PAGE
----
Two investment schemes promoted by Capital Alternatives and 13 other firms were collective investment schemes and could not be lawfully operated by those firms, the High Court has ruled.
The defendants could be ordered to pay compensation which can be passed on to investors after the Court ruled two schemes were operating unlawfully, the Financial Conduct Authority said.
In July 2013 the FCA launched legal action regarding the two investment schemes.
One, called African Land and also known as Agri Capital, offered investments in rice farm harvests in Sierra Leone and was run by African Land Limited.
The other, called Reforestation Projects and also known as Capital Carbon Credits, offered investments in carbon credits intended to be generated from land in Sierra Leone, Brazil and Australia, and was run by Reforestation Projects Limited.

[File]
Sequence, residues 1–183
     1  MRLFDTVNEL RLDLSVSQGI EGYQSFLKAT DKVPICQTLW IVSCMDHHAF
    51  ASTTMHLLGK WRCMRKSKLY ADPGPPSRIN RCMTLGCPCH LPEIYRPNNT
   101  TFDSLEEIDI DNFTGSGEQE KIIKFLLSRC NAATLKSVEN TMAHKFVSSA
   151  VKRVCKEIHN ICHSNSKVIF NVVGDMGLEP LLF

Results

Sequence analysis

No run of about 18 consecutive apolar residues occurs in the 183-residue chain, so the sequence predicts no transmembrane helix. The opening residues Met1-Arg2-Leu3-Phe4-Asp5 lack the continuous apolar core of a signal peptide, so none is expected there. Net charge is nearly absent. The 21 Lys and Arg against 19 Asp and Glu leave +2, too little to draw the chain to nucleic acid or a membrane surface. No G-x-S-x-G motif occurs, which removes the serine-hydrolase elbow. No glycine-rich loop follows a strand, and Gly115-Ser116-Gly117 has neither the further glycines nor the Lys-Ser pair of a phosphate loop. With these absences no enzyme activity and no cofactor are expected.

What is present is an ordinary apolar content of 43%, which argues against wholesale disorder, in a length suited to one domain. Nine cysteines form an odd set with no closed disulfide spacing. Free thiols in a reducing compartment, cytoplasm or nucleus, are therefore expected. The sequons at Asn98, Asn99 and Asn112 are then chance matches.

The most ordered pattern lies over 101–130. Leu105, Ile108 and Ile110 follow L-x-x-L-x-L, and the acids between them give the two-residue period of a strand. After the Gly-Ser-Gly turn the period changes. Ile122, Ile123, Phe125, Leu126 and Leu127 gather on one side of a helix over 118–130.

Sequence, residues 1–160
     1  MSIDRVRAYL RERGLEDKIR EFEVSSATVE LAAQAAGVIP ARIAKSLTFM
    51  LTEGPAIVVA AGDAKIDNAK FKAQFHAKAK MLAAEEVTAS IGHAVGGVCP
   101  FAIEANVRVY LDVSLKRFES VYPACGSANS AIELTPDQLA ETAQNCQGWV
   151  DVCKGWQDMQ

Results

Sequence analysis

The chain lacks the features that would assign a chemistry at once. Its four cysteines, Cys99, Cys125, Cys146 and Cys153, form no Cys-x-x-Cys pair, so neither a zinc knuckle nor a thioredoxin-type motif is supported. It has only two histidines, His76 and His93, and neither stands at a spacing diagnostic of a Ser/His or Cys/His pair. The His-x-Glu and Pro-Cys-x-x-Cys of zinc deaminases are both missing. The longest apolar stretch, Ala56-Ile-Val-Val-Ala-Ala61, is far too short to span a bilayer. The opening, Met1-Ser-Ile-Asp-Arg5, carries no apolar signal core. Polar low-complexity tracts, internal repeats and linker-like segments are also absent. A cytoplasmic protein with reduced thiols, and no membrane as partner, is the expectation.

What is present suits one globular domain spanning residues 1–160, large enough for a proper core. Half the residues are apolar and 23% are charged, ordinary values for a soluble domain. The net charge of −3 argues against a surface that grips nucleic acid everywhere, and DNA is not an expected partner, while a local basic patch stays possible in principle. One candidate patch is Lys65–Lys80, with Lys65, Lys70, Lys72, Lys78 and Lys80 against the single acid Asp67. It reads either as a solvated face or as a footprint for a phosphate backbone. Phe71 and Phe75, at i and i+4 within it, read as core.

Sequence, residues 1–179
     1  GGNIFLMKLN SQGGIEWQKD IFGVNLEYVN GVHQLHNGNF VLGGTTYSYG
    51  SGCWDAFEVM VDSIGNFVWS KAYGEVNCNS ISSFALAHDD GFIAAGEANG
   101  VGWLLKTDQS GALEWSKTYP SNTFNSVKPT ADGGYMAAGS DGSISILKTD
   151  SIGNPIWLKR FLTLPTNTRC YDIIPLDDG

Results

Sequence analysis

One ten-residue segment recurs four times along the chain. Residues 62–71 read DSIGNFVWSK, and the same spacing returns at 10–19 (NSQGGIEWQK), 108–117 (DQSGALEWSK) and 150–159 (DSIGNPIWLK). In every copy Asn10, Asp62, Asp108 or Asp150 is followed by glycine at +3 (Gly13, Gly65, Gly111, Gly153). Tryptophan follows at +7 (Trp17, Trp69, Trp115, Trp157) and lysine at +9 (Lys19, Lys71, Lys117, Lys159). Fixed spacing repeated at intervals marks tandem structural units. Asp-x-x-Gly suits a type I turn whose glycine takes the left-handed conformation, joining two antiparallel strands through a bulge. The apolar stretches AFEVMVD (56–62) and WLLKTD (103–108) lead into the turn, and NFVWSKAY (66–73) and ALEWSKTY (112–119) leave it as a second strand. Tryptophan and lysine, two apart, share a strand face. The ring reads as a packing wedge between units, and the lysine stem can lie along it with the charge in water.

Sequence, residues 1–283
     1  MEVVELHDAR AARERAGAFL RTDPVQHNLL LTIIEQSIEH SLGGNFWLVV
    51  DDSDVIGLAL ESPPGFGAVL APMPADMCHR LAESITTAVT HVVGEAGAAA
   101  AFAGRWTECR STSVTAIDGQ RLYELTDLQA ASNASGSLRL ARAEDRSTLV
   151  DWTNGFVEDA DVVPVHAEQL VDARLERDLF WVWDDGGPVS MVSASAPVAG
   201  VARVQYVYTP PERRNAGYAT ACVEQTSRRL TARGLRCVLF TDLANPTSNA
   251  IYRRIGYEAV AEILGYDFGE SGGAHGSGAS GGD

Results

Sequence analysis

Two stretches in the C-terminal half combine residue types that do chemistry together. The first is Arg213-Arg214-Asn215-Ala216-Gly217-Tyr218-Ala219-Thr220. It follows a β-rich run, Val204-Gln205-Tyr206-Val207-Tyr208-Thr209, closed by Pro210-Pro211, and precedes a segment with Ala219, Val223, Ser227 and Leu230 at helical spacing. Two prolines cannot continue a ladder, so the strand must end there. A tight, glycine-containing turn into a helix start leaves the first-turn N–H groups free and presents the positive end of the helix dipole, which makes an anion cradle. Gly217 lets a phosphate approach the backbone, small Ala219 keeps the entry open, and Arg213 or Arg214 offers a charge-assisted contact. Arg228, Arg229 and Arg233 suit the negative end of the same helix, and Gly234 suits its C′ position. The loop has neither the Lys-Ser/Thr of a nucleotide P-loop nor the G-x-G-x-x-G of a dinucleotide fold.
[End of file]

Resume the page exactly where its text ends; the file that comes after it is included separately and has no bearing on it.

According to a statement from the FCA, the defendants had structured their schemes to try to avoid being regulated by the FCA.
The High Court has now agreed with the FCA that the schemes were unauthorised collective investment schemes and could not be lawfully run by the defendants.
The regulator now awaits any appeal hearing that may arise before proceeding with whatever remains to be ruled on by the Court.
Tracey McDermott, the FCA’s director of enforcement and financial crime, said: “The FCA has an objective to protect consumers and enhance the integrity of the financial system. The Court’s ruling contributes to us achieving both.
“Collective investment schemes are complicated and investors put their money into the operator’s hands with no real control over what happens to their money.
“This ruling shows that even if operators have deliberately tried to structure their scheme to avoid regulation, the court will look at whether those operating the scheme should in fact be regulated for consumer protection.”